Patient Care! It’s what every doctor strives to achieve. It’s what every patient desires. Staff in every hospital, clinic and private office all want to provide the best patient care possible. This is the beginning notion for all these individuals. Then, reality gets in the way, and patient care is delivered at a level lower than anyone would like to admit. Patient care could boil down to the old phrase: “Happiness is when Reality meets or exceeds Expectations”. I do not believe patient’s expectations are too high. I do believe reality does fall short of what it should be. So, how do we improve Patient Care so that everyone, patients and health care staff, feels good about the process and the end result? If we don’t ask the question, we will not have an answer. How do we make patients feel special and not “like a number”?
Twenty years of doing dentistry has taught me that there are certain fundamental elements that make patients feel good about their dental visit, and I refer to them as
“The Big 10 Elements of Patient Satisfaction”:
- Patient understanding of their dental treatment (communication during exam)
- Patient awareness of the cost for dental treatment in advance
- Promptness of patient being seated on time for their appointment
- Dental appointment performed in predicted amount of time
- Patient comfort during their treatment
- Appointment confirmation call in advance of dental appointment
- Follow-up call by staff or doctor to check on patient after dental care
- Patient acknowledgement upon entering reception area
- Listening to patient needs carefully to help patient in any way possible
- Proper filing of insurance and billing.
Any one of these areas are potential “hot spots” for patients. Even if an office delivers most of these elements does not mean the patient is satisfied. An anxious patient that feels any pain during an appointment may never return to that office or have the courage to receive dental care for years. A patient that is a stickler about time and waits in the reception area for 20 minutes may get up and leave and never return. Thus, it is important for the care-provider to achieve all aspects of “The Big 10” for every patient to achieve an “A+” result. Any less than all of these elements and the outcome could fall to a “C” or lower.
Why do dental offices fall short of delivering all of “The Big 10” elements of patient care? There are countless reasons. Several examples are as follows: (a) your appointment is running 20- 30 minutes late because the two or three patients prior to your appointment were late getting to the office or perhaps the dental procedure on a patient before you ends up more complex than anticipated and delays the schedule; (b) your treatment becomes more complex than originally planned, requires more treatment, and costs more than anticipated. Let’s stay with just these two examples. Anything that is carefully planned out can change. Notably, this will affect our premise that Happiness is when Reality meets expectations. So, what can the dental office and staff do to maximize the patient’s satisfaction relative to changes like these? If there is a delay in the schedule, it is ideal for the dental office to contact you and let you know the office is running behind, which “resets” your expectations and allows you a buffer to relax about striving to be on time (only later to find out there is a wait). The dentist and assisting staff should be aware of your time constraints and any commitments after your dental appointment to adjust care to fit your schedule. If treatment changes in the dental chair, it is always polite and respectful to stop the procedure and make you aware of this fact and have a front office person inform you of any changes in cost and get your approval before continuing on with treatment. These examples clearly reflect fundamental respect for the patient and good communication. These are key elements to achieve patient satisfaction.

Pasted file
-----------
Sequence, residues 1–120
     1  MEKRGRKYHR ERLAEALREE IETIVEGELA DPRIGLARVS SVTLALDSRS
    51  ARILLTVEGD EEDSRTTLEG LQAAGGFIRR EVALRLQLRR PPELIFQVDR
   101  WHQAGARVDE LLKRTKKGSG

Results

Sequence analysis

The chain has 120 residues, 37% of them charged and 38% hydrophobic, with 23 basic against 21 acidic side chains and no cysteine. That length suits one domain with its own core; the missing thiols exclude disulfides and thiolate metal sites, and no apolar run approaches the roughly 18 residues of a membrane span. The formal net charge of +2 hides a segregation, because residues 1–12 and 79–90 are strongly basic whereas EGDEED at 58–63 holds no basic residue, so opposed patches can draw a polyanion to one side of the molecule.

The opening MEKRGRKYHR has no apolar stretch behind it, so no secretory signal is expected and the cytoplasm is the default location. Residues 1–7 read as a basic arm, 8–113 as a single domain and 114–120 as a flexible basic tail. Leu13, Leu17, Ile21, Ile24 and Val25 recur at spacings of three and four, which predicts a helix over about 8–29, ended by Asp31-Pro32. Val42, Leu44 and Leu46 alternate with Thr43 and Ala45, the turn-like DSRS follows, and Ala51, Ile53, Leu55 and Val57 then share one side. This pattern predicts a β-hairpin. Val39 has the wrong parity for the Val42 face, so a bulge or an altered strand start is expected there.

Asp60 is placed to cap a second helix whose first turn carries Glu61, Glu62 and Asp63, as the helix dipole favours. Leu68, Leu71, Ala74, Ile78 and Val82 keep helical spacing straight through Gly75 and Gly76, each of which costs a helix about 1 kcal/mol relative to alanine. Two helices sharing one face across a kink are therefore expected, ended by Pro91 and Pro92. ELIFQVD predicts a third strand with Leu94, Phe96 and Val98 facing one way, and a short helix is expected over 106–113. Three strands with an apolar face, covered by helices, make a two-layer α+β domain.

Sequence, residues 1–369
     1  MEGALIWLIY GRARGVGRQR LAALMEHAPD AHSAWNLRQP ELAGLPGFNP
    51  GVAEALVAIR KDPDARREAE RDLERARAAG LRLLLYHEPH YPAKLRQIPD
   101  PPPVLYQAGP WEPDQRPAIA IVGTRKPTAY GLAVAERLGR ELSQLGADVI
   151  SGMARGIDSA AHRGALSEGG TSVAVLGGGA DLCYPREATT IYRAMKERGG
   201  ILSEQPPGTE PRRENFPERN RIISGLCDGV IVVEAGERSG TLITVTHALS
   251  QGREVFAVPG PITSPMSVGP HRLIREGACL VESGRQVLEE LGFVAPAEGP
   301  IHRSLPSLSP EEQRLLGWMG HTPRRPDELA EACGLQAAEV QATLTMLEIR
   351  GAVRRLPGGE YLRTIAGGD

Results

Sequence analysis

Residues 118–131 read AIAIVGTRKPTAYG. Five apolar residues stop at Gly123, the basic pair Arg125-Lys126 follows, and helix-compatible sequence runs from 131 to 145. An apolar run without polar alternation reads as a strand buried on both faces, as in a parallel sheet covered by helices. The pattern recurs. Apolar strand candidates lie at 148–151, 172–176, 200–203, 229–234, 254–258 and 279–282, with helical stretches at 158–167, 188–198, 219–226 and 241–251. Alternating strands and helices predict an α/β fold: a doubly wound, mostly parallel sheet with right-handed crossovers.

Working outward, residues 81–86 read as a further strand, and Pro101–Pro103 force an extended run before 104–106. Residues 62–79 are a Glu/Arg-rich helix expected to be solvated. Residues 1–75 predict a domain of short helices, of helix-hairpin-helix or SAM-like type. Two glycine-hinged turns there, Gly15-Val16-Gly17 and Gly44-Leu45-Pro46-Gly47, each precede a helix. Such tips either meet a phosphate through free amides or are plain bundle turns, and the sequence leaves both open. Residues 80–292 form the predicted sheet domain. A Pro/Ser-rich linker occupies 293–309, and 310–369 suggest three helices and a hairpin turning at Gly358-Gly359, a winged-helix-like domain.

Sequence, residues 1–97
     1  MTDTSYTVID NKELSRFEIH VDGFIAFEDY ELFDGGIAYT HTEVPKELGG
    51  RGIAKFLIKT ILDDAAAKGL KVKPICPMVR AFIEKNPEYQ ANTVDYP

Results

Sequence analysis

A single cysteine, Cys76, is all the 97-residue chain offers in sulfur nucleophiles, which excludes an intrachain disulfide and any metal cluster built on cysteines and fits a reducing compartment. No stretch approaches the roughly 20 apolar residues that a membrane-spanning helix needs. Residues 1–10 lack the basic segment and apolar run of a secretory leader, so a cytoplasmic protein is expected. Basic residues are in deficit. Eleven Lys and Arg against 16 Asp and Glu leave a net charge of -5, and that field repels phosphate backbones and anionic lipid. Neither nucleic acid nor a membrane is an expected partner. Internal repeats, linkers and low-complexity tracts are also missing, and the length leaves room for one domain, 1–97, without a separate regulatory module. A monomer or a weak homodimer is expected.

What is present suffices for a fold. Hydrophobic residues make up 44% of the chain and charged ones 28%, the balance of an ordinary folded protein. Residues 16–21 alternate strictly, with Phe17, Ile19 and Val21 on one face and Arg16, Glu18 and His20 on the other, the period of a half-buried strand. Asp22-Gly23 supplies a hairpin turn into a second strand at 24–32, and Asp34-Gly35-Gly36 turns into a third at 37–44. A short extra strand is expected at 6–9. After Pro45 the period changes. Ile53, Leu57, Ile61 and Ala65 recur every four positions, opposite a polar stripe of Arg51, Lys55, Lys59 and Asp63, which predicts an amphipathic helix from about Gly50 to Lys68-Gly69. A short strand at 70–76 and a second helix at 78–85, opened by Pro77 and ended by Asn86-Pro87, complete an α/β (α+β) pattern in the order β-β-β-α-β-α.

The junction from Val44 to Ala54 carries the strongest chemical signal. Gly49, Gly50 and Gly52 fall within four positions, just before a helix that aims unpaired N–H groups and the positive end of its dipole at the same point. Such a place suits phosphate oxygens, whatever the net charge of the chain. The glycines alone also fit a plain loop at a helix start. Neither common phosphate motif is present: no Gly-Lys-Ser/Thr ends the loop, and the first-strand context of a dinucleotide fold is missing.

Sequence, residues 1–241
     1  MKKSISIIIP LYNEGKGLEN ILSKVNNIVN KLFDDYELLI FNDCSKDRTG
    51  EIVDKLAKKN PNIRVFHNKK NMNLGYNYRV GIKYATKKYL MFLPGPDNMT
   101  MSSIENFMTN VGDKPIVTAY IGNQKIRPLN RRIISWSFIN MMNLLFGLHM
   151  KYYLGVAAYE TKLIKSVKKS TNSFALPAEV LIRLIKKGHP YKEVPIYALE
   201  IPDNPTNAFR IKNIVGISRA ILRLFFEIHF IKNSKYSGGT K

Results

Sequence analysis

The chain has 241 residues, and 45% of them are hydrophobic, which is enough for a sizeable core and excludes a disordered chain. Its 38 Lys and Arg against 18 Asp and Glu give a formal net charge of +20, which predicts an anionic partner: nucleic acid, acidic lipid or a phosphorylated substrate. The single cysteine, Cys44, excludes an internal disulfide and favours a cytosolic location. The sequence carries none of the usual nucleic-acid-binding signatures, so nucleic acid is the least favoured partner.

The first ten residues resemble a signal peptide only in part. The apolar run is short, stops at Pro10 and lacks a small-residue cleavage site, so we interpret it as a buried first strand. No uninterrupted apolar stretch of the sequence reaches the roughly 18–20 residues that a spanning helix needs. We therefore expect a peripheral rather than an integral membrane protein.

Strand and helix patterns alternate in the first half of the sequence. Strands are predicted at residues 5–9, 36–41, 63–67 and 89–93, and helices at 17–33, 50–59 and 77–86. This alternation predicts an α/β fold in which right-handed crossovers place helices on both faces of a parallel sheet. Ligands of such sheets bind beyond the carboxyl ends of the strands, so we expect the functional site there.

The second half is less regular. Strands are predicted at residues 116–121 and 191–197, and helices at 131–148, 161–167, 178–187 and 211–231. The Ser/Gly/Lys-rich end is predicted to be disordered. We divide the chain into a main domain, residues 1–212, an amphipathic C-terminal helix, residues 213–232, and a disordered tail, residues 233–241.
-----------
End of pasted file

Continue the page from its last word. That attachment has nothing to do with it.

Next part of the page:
Mathematically, there are three elements that broadly provide the basis for successful dental patient care – Office Environment, Dental Staff and Dental Care. Any one of these three elements can be rated by the patient to be: “positive”, “negative” or “neutral”. If a dental office environment is warm and friendly it would receive a “positive” rating. If the Dental Staff calls before your appointment with an upbeat personal message and the dental assistant gets you a blanket because your cold and the doctor takes time to explain the necessary details that make you confident about that days treatment, they would receive a “positive” rating. If the treatment goes smoothly and the anesthesia and subsequent treatment is comfortable, the best to hope for here would be “neutral”. After all, patients typically don’t really find dental treatment positive; we just don’t want them to find treatment negative. The mathematics of dental care following this summary would be “positive”, “positive”, “neutral” and the overall rating would be “positive”. The mathematical formula for patient satisfaction is a gross weighted average and is based upon “The Big 10” individual elements of patient satisfaction previously discussed. If the entire dental care team shares an understanding of how important these factors are and how to implement them on a patient to patient basis day after day, then the patient wins by being satisfied and leaves the dental office with a positive outlook regarding their dental experience.